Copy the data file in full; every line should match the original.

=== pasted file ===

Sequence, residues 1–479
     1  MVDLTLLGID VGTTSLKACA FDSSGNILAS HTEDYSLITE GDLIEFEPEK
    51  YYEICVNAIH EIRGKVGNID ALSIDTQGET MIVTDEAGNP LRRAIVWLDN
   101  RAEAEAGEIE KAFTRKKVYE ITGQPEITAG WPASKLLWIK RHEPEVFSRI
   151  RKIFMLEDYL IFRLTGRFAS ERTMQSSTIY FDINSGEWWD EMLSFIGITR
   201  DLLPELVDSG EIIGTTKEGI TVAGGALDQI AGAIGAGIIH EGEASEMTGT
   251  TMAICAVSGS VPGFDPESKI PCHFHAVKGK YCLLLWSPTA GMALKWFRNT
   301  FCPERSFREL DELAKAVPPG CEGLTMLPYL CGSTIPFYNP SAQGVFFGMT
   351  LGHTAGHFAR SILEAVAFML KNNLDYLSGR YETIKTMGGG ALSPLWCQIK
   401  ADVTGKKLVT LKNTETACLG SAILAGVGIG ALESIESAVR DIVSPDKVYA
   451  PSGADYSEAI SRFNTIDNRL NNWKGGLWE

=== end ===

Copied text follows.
Sequence, residues 1–479
     1  MVDLTLLGID VGTTSLKACA FDSSGNILAS HTEDYSLITE GDLIEFEPEK
    51  YYEICVNAIH EIRGKVGNID ALSIDTQGET MIVTDEAGNP LRRAIVWLDN
   101  RAEAEAGEIE KAFTRKKVYE ITGQPEITAG WPASKLLWIK RHEPEVFSRI
   151  RKIFMLEDYL IFRLTGRFAS ERTMQSSTIY FDINSGEWWD EMLSFIGITR
   201  DLLPELVDSG EIIGTTKEGI TVAGGALDQI AGAIGAGIIH EGEASEMTGT
   251  TMAICAVSGS VPGFDPESKI PCHFHAVKGK YCLLLWSPTA GMALKWFRNT
   301  FCPERSFREL DELAKAVPPG CEGLTMLPYL CGSTIPFYNP SAQGVFFGMT
   351  LGHTAGHFAR SILEAVAFML KNNLDYLSGR YETIKTMGGG ALSPLWCQIK
   401  ADVTGKKLVT LKNTETACLG SAILAGVGIG ALESIESAVR DIVSPDKVYA
   451  PSGADYSEAI SRFNTIDNRL NNWKGGLWE